2013 Project of the Year, Flying Weed Warriors of LACC


What do helicopters, paintball guns, and inner city youth have to do with invasive plant removal? A lot actually. Corps often engage in projects to fight the advance of non-native species in our parks and forests, but Corpsmembers involved in Los Angeles Conservation Corps’s Flying Weed Warriors project quite literally went to battle against invasive plants.

Invasive plant removal usually involves Corpsmembers trekking through forests to cut down or pull out the offending species. What makes the Flying Weed Warriors project different is that they used a cutting-edge land management technique known as Herbicide Ballistic Technology (HBT). HBT involves shooting paintballs filled with high concentrations of herbicide from modified paintball guns. Shooting the guns from a helicopter enables all infestations to be accessed and treated quickly. Using the helicopter also provided an ideal vantage point to detect any new invasive species. Corpsmembers with the Flying Weed Warriors project used HBT to treat over 100 pampas grass infestations on Santa Cruz Island – the largest and most biologically diverse of California’s eight Channel Islands.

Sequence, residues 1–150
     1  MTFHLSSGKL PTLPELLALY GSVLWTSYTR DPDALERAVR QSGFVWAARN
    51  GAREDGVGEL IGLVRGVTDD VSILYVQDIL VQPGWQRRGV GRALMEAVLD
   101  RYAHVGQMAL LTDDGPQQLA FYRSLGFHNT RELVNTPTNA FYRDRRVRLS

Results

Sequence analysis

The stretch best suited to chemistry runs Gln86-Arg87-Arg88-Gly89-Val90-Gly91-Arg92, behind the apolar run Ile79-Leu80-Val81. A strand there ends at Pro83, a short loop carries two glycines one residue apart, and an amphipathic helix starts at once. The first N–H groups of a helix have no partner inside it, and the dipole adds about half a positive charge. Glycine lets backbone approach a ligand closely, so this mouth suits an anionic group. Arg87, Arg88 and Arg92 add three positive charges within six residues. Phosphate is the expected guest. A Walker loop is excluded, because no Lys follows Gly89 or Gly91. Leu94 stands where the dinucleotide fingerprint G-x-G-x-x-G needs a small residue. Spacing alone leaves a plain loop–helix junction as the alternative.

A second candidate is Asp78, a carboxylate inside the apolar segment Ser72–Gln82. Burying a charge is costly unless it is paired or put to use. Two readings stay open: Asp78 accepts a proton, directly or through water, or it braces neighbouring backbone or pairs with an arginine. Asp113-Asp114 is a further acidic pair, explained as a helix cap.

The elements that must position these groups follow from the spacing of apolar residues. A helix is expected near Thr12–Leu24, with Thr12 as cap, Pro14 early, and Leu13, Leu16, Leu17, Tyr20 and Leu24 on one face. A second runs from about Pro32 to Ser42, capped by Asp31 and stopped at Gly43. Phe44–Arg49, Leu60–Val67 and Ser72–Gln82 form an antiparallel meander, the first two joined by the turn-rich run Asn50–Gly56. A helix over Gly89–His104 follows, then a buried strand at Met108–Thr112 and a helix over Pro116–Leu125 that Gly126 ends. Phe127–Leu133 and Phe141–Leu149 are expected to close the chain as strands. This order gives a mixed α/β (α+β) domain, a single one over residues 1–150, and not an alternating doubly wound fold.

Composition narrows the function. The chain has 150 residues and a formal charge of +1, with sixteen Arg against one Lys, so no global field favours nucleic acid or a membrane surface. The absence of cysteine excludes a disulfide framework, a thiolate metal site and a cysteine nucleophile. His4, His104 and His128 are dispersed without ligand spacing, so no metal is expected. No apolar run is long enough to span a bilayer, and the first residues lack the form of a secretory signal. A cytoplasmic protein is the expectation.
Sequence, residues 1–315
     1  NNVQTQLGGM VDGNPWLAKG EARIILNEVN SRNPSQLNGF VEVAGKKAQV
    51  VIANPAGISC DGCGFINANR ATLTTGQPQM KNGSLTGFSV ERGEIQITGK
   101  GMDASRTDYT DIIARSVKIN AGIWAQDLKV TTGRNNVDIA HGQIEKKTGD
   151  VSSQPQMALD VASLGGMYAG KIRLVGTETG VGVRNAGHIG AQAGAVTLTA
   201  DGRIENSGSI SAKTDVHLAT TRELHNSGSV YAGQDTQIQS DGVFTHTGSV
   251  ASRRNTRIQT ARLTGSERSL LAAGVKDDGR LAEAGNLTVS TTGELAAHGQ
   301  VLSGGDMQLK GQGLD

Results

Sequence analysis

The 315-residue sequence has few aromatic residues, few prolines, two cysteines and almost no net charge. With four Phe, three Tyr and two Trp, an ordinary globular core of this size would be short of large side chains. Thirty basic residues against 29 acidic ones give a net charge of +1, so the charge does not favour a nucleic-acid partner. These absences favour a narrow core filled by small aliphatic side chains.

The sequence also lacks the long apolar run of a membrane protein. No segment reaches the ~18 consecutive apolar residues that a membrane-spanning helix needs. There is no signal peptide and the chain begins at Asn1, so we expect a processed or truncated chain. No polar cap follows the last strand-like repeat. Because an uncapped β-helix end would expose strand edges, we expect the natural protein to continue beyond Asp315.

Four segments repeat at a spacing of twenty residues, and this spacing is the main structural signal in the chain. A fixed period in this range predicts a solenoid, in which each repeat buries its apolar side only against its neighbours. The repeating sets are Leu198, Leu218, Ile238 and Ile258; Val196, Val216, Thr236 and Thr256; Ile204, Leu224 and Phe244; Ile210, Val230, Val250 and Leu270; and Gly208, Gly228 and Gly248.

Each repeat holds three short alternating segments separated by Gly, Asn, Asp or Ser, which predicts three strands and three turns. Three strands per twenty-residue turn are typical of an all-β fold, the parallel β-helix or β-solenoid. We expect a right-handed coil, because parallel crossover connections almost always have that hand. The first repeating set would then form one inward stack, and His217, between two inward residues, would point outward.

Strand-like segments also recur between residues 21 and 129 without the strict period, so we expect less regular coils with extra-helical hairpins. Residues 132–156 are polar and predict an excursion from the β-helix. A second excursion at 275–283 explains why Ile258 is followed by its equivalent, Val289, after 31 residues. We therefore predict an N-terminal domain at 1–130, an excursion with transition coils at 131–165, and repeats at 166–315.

Flying Weed Warriors was made possible through the collaborative efforts of the Los Angeles Conservation Corps, The Nature Conservancy Santa Cruz Island Preserve, the University of Hawaii, Native Range, Inc., and the generous support of the JiJi foundation. In addition to successfully helping stop the spread of a harmful species in one of America’s most environmentally unique areas, the partnerships of the Flying Weed Warriors project connected a wide range of people who otherwise would have never met.

“Although the project’s focus was research based conservation, it also helped bridge educational and socio-economic gaps between participants, leading to friendships and mentorships that would be unlikely without this unique collaboration” said Dan Knapp, Los Angeles Conservation Corps’ Deputy Director. “For this particular project, Corpsmembers were not just a labor force or mechanism for successful conservation work; they were members of a cutting edge research team.”